Another philosophical approach that completely shifted my mindset in homeschool, particularly in writing is from the Brave Writer lifestyle. I learned about Brave Writer this year, and am so inspired by Julie Bogart’s approach and way of thinking. One of the biggest things that has shifted my approach this year is the idea of really growing the depth of knowledge and interest in the learner versus trying to get my children to learn the mechanics and structure of writing. Inspiring children to have in-depth conversations and to immerse them in language-rich environments is so much more important to facilitate, and is also the foundation to communicating what they have learned whether verbally or in written form. Teaching the structure of a paragraph or a five-paragraph essay is not going to be successful or meaningful if the student does not have the ideas to talk about the given topic.
I have then put the brakes on our fill-in-the-blank type grammar questions in our workbooks and have been putting more emphasis on reading really good quality and engaging books. We have been reading different genres of books and are watching shows to go along with the books. Instead of handing them worksheets that test their comprehension and knowledge of what they remember after each chapter, we have more open discussions. While I do think it is fine for people to be able to demonstrate their understanding by writing down answers to questions, I feel that initially having those discussions where a young child isn’t stifled by how to spell certain words or the mechanics of their written answer can really help foster their learning and engagement with the content. It is a great way to see their outlook on a story and to see what they still might be unsure of, or what they would like to learn more about.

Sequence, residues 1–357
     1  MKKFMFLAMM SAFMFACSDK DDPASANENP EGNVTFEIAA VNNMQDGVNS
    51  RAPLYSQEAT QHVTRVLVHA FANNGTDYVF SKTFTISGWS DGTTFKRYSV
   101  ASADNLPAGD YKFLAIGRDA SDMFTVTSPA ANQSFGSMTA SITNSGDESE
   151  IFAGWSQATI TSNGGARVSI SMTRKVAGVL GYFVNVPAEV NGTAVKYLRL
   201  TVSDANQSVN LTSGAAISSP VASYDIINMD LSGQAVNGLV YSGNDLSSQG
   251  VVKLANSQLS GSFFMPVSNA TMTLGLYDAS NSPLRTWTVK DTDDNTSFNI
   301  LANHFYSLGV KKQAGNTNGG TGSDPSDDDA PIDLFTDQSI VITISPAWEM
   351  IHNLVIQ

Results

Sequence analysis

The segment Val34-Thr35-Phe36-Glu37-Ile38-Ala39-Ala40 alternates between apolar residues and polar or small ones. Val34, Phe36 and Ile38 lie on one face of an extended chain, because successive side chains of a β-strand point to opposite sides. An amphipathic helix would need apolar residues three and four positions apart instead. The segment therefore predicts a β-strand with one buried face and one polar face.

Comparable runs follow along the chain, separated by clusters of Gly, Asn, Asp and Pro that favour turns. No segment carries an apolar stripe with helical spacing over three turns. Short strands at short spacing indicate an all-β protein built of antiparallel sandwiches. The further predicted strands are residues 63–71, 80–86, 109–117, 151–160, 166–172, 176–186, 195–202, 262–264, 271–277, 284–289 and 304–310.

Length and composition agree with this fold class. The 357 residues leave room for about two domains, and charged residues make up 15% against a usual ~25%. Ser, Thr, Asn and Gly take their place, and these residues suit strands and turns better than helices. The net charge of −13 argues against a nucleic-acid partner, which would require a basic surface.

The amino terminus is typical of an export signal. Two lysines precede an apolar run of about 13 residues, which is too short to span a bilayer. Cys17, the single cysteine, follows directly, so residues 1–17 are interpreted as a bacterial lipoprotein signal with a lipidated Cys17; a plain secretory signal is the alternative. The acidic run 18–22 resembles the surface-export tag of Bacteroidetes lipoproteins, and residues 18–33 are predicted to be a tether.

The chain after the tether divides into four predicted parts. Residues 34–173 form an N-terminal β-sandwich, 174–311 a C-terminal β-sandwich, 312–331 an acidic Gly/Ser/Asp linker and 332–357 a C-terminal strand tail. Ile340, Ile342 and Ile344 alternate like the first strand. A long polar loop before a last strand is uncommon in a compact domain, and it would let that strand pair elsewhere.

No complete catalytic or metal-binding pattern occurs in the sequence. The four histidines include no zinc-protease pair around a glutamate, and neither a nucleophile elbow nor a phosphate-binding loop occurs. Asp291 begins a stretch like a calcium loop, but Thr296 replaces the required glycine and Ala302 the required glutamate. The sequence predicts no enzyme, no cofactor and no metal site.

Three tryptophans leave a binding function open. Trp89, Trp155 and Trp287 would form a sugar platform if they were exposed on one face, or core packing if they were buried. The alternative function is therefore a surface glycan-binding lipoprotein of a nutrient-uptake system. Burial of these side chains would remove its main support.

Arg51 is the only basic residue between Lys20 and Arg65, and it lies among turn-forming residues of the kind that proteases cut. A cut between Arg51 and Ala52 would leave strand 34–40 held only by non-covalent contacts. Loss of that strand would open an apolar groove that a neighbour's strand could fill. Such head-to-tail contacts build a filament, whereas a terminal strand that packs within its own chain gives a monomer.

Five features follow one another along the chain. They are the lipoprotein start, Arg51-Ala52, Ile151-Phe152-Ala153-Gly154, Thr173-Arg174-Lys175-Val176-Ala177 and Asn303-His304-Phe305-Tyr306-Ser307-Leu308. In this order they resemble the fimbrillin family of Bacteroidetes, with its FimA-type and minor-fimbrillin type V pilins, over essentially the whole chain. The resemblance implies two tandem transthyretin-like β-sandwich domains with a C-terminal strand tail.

Shifting homeschool approaches can be scary at first because of the fear of not doing it “right,” messing up, or setting your child farther behind than where students their age are measured up by standards.
The question that I keep reminding myself whenever I feel doubt is, “Why am I homeschooling?” And the answer always sets me back on track: “To help my children continue to be inspired learners and respectful, responsible members of this world.”
As long as I see their spark of curiosity and passion for learning…
As long as I know they are trying their best to be problem solvers…
As long as they are learning to be mindful, cooperative, open-minded citizens…
Then I know that we are on the right path in our homeschool approach.
Who knows what future shifts we will have along the way. All I know is whatever transformations we will undergo, it will be for the right reasons, and it will be what fits our family.
Every unique homeschooling family undergoes shifts and each one approaches their homeschool in the best way that fits them.